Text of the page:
If anyone needed a reminder of how fragile and interconnected our modern digital world is, they got it this morning when Fastly had an outage. 

The “edge cloud platform,” as it describes itself, provides services to a wide range of highly-trafficked websites, including Slack, Stripe and the New York Times. When Fastly went down for around an hour, starting around 6:00 am Eastern time on Tuesday, thousands of sites went down with it. 

Much remains unknown about the incident. Fastly’s chief executive Joshua Bixby told the Wall Street Journal on Tuesday that the issue was still under investigation, although it did not appear to be cyber attack-related. But here are five important things we do know about Fastly and how it led to the disruption of much of the Internet.

The company makes websites work faster. 

Based in San Francisco, Fastly was founded in 2011 by Artur Bergman, Tyler McMullen, Simon Wistow, and Gil Penchina. The company provides high-performance content delivery network (CDN) services and “edge computing” solutions. 

Essentially, it is part of the infrastructure that forms “the cloud,” which relies on a network of data centers. Competitors include Akamai, Limelight, Cloudflare and Amazon Web Services. Fastly bills itself as being particularly speedy, as well as offering customization, which has allowed it to attract customers with high traffic demands.

“When milliseconds matter, processing at the edge is an ideal way to handle highly dynamic and time-sensitive data,” the company said in a recent regulatory filing.

Before the outage, Fastly was growing fast.

Acceleration of the digital economy during the pandemic was especially beneficial for Fastly. After going public on the New York Stock Exchange in May 2019, the company’s stock price jumped 300 percent in 2020 — a far steeper increase than its competitors enjoyed, according to Investor’s Business Daily.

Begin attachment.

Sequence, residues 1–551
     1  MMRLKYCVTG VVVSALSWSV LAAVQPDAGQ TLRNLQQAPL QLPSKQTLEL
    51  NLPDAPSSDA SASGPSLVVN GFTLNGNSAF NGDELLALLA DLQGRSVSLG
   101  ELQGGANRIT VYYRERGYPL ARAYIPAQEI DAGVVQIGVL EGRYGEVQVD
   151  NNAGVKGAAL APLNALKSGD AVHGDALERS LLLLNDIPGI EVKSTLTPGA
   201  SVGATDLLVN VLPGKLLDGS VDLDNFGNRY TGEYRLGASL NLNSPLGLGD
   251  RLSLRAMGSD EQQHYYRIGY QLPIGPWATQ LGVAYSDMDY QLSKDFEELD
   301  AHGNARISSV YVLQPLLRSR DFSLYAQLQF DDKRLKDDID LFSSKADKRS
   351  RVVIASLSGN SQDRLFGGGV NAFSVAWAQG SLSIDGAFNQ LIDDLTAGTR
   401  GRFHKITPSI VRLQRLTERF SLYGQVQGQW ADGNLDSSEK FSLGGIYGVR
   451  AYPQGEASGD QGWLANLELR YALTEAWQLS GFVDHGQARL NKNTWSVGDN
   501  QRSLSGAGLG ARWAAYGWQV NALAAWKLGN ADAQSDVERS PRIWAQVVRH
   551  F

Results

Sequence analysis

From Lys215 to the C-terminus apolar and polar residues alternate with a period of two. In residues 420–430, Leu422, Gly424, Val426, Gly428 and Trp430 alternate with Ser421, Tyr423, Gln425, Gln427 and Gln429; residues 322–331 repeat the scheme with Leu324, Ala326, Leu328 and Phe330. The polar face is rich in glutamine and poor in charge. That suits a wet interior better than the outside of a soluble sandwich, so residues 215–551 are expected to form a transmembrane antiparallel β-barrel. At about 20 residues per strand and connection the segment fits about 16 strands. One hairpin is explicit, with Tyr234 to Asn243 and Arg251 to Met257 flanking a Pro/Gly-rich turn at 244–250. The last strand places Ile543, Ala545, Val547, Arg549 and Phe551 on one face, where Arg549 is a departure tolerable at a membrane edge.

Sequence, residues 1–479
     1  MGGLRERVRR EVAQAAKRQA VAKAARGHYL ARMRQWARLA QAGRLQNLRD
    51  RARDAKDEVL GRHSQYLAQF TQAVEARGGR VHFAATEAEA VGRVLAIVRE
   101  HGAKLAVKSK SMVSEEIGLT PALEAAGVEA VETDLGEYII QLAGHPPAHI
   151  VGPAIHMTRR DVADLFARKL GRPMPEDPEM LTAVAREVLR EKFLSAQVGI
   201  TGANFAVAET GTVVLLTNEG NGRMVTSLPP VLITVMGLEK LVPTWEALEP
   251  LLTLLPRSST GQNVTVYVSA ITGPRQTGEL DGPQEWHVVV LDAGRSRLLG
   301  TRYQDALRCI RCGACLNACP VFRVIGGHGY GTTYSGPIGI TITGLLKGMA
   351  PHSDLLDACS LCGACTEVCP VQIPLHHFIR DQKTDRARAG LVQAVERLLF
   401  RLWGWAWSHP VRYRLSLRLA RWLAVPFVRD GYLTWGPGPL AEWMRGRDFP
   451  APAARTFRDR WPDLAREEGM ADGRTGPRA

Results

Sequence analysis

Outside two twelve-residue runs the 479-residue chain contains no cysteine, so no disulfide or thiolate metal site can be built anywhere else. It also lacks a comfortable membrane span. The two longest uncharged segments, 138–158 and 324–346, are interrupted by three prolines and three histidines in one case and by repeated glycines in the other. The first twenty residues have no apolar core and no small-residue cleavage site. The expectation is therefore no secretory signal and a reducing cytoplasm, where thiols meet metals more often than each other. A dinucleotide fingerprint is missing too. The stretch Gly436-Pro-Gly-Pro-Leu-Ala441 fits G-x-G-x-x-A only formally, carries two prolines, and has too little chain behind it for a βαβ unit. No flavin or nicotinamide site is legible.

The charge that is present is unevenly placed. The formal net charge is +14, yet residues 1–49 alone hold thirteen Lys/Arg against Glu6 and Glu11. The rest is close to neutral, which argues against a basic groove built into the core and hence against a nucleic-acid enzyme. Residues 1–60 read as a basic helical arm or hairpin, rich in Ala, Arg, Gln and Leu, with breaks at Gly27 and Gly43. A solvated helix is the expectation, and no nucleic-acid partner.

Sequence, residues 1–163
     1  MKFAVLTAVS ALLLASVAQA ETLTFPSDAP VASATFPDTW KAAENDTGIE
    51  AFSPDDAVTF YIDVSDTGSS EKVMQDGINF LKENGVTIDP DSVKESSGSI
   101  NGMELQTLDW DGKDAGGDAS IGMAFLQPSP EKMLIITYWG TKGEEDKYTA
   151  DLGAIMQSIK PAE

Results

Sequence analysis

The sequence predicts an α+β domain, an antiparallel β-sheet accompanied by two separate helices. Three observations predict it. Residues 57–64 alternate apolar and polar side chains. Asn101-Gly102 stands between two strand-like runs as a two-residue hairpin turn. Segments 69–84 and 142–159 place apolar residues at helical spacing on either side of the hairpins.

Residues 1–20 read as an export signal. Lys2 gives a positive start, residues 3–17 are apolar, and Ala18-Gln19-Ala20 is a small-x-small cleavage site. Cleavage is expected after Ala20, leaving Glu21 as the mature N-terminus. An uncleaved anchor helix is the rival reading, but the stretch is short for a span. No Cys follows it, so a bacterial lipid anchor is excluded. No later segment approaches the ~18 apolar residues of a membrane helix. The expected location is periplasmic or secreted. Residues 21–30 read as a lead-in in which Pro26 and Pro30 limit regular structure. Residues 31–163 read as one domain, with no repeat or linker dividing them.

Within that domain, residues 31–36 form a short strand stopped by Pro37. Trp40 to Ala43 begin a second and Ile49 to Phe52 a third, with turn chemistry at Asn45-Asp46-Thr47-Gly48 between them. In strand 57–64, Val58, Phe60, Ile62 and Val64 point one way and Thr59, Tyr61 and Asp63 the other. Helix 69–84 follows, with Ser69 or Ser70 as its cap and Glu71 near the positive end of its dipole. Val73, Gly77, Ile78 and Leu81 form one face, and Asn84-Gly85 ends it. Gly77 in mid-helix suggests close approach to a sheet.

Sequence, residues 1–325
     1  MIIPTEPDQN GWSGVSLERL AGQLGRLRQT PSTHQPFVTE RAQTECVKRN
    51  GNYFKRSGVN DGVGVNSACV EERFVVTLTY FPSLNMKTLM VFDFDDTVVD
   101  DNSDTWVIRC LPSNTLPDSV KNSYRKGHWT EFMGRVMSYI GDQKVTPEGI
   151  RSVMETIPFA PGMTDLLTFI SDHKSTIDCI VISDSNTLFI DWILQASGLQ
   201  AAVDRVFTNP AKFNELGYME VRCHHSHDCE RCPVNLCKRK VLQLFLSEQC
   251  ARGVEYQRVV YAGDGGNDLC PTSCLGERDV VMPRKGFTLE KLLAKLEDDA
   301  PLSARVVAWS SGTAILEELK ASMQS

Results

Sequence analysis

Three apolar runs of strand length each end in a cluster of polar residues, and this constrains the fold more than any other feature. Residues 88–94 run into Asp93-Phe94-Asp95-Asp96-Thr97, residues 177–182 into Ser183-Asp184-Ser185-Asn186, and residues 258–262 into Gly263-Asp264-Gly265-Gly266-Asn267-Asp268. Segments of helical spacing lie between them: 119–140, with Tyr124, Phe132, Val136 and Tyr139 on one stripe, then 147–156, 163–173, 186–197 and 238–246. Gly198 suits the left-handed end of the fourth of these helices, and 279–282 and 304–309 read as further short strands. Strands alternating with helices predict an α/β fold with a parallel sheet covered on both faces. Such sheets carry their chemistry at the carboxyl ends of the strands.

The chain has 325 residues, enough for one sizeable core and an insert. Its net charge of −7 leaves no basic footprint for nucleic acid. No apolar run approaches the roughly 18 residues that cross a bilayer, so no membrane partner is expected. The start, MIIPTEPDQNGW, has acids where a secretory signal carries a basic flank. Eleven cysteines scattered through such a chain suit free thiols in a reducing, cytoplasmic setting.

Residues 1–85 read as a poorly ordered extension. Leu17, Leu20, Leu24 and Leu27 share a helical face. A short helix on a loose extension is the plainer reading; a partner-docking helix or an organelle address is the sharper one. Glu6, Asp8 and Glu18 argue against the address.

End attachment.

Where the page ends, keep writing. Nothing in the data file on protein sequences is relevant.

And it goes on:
Hiring activity at Fastly increased steeply in 2021 compared with prior years, according to our data. On April 30, there were 162 open positions advertised, compared with just 23 a year earlier.

Fastly’s customers include many popular sites. 

The company focuses on selling services to medium and large organizations, as well as small organizations which are expanding rapidly. As of March 31, the company had 336 enterprise customers, which generated 90 percent of its total revenue.

According to various media outlets, businesses that have signed on to use Fastly services include the New York Times, the Financial Times, Shopify, Spotify, Slack, Github, TikTok, and Ticketmaster. Numerous other websites were reported to have been affected by the outage, indicating they may also be Fastly customers. Those included Reddit, Twitch, Pinterest, Amazon, and government sites such as WhiteHouse.gov.

This is not the first time there has been an outage.

CDN providers such as Fastly generally design their systems to minimize the impact of disruptions. But widespread outages can still happen. Fastly noted in a regulatory filing that it “has not developed redundancies for all aspects” of its platform, and warned that there could be risk of interruptions or performance issues.

Fastly said it previously experienced a platform interruption affecting some customers in January 2021. The company did not disclose which customers were impacted.

Fastly tackled the problem quickly and provided updates to the public.

Approximately an hour elapsed between when the disruptions came to light and when the company first applied a fix to bring services back online. Less than two hours later, the problem was fully repaired and the issue deemed “resolved.”

The company provided updates via an incident report posted to its Twitter account. Twitter was not apparently affected by the outage, and many users relied on the platform to express frustration and poke fun at Fastly.

Dear Internet, Have you tried switching it off and switching it on again? #Fastly” tweeted the official account for British children’s series Peppa Pig.

About the Data:

Thinknum tracks companies using the information they post online, jobs, social and web traffic, product sales, and app ratings, and creates data sets that measure factors like hiring, revenue, and foot traffic. Data sets may not be fully comprehensive (they only account for what is available on the web), but they can be used to gauge performance factors like staffing and sales.

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